In the jubilee year of [Queen Victoria] embassies from the chief courts of the world came to do her honour. Among these was an embassy from the monarch of Madagascar. One of those in the embassy was a Hova, a man of years, dark skinned and intelligent, and desiring for his people’s sake to make a good impression, he, in offering his congratulations recalled many incidents of his long journey around the Cape in a sailing vessel; and when he had told all he could recollect, he asked if it would be agreeable that he should sing—that he had one song in his heart that had whiled away many a weary hour in his pilgrimage through life. The expectation was that the venerable Hova would sing something heathenish and national—something social or convivial—but to the astonishment of all, he began in a thin sweet tenor:Rock of Ages, cleft for me,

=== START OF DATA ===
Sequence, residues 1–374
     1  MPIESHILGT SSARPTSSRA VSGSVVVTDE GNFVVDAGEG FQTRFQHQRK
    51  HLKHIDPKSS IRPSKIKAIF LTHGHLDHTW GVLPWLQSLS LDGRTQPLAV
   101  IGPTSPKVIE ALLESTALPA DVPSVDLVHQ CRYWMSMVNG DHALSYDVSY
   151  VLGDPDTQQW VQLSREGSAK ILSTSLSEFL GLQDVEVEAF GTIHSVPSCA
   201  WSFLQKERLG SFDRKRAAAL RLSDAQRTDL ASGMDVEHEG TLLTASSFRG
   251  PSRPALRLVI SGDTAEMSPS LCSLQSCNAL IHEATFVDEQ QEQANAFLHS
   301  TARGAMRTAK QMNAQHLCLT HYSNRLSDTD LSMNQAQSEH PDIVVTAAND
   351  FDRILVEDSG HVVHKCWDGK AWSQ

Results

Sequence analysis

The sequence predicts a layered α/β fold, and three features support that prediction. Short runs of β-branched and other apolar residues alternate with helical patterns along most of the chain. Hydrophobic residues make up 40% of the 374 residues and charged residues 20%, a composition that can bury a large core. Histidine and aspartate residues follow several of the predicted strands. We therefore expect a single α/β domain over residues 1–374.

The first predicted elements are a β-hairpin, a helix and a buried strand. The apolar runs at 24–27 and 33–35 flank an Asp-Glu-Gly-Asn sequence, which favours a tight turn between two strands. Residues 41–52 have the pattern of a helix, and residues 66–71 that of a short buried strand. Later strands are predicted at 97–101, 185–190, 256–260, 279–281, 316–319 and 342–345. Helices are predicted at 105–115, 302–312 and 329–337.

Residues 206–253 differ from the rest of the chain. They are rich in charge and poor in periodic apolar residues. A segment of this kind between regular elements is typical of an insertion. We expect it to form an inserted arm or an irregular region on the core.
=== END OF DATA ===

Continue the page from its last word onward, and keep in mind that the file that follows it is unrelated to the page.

Let me hide myself in Thee!
He sang it through all its stanzas, each verse growing more subdued and tender. At the close there was profound, awkward silence, which was difficult to break, for some were affected to tears in seeing the coming back of seed sown on the waters in missionary faith and zeal—all were taken by surprise, little expecting to hear from the lips of the Hova on this grand occasion the sweetest of the songs of Zion. His name, says the reporter of the day, was as startling in length as his performance was surprising:—Right Hon. Lord Rainiferongalarovo.
Morrison, pp. 95–96